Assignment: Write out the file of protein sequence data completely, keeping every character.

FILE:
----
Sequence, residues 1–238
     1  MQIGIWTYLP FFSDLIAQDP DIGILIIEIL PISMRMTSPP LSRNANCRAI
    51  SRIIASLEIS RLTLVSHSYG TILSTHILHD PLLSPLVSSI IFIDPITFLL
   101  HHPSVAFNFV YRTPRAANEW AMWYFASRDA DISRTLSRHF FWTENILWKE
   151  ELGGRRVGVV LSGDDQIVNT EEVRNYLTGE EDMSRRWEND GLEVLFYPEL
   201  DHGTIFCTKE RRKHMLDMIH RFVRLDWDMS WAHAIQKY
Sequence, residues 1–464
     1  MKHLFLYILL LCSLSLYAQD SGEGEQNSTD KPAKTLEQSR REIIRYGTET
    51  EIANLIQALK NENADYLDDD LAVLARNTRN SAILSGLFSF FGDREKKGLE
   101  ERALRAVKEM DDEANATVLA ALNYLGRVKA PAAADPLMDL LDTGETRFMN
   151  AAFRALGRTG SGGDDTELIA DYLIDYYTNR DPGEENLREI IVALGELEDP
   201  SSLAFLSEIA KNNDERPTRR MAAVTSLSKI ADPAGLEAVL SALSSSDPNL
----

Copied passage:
Sequence, residues 1–238
     1  MQIGIWTYLP FFSDLIAQDP DIGILIIEIL PISMRMTSPP LSRNANCRAI
    51  SRIIASLEIS RLTLVSHSYG TILSTHILHD PLLSPLVSSI IFIDPITFLL
   101  HHPSVAFNFV YRTPRAANEW AMWYFASRDA DISRTLSRHF FWTENILWKE
   151  ELGGRRVGVV LSGDDQIVNT EEVRNYLTGE EDMSRRWEND GLEVLFYPEL
   201  DHGTIFCTKE RRKHMLDMIH RFVRLDWDMS WAHAIQKY
Sequence, residues 1–464
     1  MKHLFLYILL LCSLSLYAQD SGEGEQNSTD KPAKTLEQSR REIIRYGTET
    51  EIANLIQALK NENADYLDDD LAVLARNTRN SAILSGLFSF FGDREKKGLE
   101  ERALRAVKEM DDEANATVLA ALNYLGRVKA PAAADPLMDL LDTGETRFMN
   151  AAFRALGRTG SGGDDTELIA DYLIDYYTNR DPGEENLREI IVALGELEDP
   201  SSLAFLSEIA KNNDERPTRR MAAVTSLSKI ADPAGLEAVL SALSSSDPNL